DENVER — This weekend, some television viewers saw a commercial for King Soopers much different than the usual.
It didn’t include cartoons picking through colorful groceries or a song by Flo Rida. The ad instead featured a love note for the company’s associates, advertising the average hourly wage of $18.29.
“We do play that now during negotiations as well just to set the record straight for the community so they understand with all the rhetoric out there,” King Soopers and City Market president Joe Kelley told Next with Kyle Clark during an interview Monday.
Days before workers are set to go on strike, both the company and the union representing its workers are hard at work getting their side of the story to the public. UFCW Local 7 President Kim Cordova held a news conference Monday afternoon, standing beside King Soopers employees.
Cordova again accused King Soopers management of unfair labor practices, saying the company was trying to negotiate directly with its employees rather than the union’s bargaining team. She accused King Soopers of not having local people at the bargaining table, instead relying on lawyers from other states who don’t understand conditions in Colorado.
Cordova also laid out a laundry list of problems with the company, from safety issues plaguing workers to unfair pay and major concessions in the deal presented to the union.
King Soopers management accused Cordova and the union of avoiding the bargaining table and turning down an attempt at bringing in a federal mediator to try and settle the dispute before the strike begins on Wednesday morning.
“We’ve been at the negotiating table all weekend long and she’s refused to come back to the table to negotiate in good faith,” Kelley said. “We need the community and our associates to know we have a very sound offer on the table.”
Shoppers will very likely sway the negotiations, especially if workers go forward with their strike on Wednesday.
“For the most part both sides know that they have to be tried by the court of public opinion – whether that’s via social media or the media,” said Darrin Duber-Smith, a special lecturer of marketing at Metropolitan State University of Denver. “I think that the company is almost always made out to be the bad guy, whether it’s in traditional media or social media, warranted or not. I think that’s the default.”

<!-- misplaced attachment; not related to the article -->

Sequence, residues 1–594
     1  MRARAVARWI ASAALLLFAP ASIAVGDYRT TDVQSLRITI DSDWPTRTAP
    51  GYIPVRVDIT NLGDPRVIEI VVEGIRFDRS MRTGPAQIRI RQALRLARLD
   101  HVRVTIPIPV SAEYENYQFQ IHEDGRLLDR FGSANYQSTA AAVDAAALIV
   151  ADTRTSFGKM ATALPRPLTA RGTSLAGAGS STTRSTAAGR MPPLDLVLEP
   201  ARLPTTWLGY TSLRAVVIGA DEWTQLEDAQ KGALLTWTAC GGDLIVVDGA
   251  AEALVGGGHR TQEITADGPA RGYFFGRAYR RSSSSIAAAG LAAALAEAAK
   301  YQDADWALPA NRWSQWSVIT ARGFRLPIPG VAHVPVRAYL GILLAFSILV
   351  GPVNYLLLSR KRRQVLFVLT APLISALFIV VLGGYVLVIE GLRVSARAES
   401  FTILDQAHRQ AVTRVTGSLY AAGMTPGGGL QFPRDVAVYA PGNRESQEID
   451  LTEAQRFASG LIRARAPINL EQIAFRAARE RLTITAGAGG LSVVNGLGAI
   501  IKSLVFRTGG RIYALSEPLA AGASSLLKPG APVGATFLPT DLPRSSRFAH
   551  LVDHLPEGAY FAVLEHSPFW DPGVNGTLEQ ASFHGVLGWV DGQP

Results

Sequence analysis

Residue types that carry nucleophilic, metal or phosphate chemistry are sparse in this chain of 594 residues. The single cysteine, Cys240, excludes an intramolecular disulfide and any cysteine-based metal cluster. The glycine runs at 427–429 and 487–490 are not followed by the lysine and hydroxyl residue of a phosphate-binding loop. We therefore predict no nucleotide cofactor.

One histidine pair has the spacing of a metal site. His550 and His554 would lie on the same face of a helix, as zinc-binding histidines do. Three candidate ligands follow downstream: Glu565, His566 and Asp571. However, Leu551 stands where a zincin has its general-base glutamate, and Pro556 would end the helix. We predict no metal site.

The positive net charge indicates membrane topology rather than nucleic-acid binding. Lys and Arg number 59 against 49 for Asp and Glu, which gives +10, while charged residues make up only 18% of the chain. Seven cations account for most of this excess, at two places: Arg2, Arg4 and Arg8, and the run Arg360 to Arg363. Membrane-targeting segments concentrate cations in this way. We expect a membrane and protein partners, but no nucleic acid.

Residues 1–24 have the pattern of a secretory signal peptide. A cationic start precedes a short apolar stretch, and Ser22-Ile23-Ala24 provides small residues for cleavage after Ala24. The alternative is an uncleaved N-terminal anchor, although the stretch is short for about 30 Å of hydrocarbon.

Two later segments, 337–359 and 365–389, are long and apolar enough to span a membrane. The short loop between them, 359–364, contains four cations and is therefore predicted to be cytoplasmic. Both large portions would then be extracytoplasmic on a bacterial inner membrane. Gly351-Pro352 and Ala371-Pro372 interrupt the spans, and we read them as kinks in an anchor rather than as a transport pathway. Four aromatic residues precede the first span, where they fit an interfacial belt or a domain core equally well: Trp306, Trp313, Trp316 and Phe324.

Duber-Smith said people in the public generally struggle to understand an employer’s position in an argument like this because people have been trained to distrust institutions from a young age.
“Ninety percent of Americans feel that they’re underpaid. So when it comes down to it it really comes down to money,” he said. “Ultimately, a retailer can only afford to pay its employees so much. Retailers operate on extraordinarily thin margins compared to other companies.”
He said the fallout from a strike could be felt by workers in the long term.
“If the company gets weaker – perhaps there will be fewer jobs offered by King Soopers in the future. Perhaps there will be automation.”
Jeffrey Zax, a professor of economics at the University of Colorad Boulder, said no one wins in a strike.
“Generally, strikes are not common and that’s because they hurt,” he said. “They are painful. You don’t do them unless there’s something substantial at stake.”
Zax said consumers watching what’s happening at the grocery chain may have a vested interest because when wages increase for one segment of the population, they tend to do so in other areas as well.
“I’d bet that the public’s opinion about this could actually be fairly important,” he said. “In the end – strikes are costly. Everyone’s going to suffer. The employer and the employees – they’re all going to get hurt by this. So I’ve got to believe that no one is taking this decision lightly.”
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